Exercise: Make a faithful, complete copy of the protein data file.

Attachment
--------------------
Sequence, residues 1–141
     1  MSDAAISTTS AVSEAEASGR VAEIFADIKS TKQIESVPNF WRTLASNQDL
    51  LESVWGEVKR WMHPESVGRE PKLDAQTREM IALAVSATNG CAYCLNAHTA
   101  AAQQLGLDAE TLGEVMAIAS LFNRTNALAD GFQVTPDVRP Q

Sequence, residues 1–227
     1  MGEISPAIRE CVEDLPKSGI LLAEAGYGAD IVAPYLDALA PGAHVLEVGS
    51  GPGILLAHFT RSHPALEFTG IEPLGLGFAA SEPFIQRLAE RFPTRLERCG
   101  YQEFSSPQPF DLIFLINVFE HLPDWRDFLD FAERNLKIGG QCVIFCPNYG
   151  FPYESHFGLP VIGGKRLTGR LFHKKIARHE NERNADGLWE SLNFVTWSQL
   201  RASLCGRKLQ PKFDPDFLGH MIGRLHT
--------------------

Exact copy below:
Sequence, residues 1–141
     1  MSDAAISTTS AVSEAEASGR VAEIFADIKS TKQIESVPNF WRTLASNQDL
    51  LESVWGEVKR WMHPESVGRE PKLDAQTREM IALAVSATNG CAYCLNAHTA
   101  AAQQLGLDAE TLGEVMAIAS LFNRTNALAD GFQVTPDVRP Q

Sequence, residues 1–227
     1  MGEISPAIRE CVEDLPKSGI LLAEAGYGAD IVAPYLDALA PGAHVLEVGS
    51  GPGILLAHFT RSHPALEFTG IEPLGLGFAA SEPFIQRLAE RFPTRLERCG
   101  YQEFSSPQPF DLIFLINVFE HLPDWRDFLD FAERNLKIGG QCVIFCPNYG
   151  FPYESHFGLP VIGGKRLTGR LFHKKIARHE NERNADGLWE SLNFVTWSQL
   201  RASLCGRKLQ PKFDPDFLGH MIGRLHT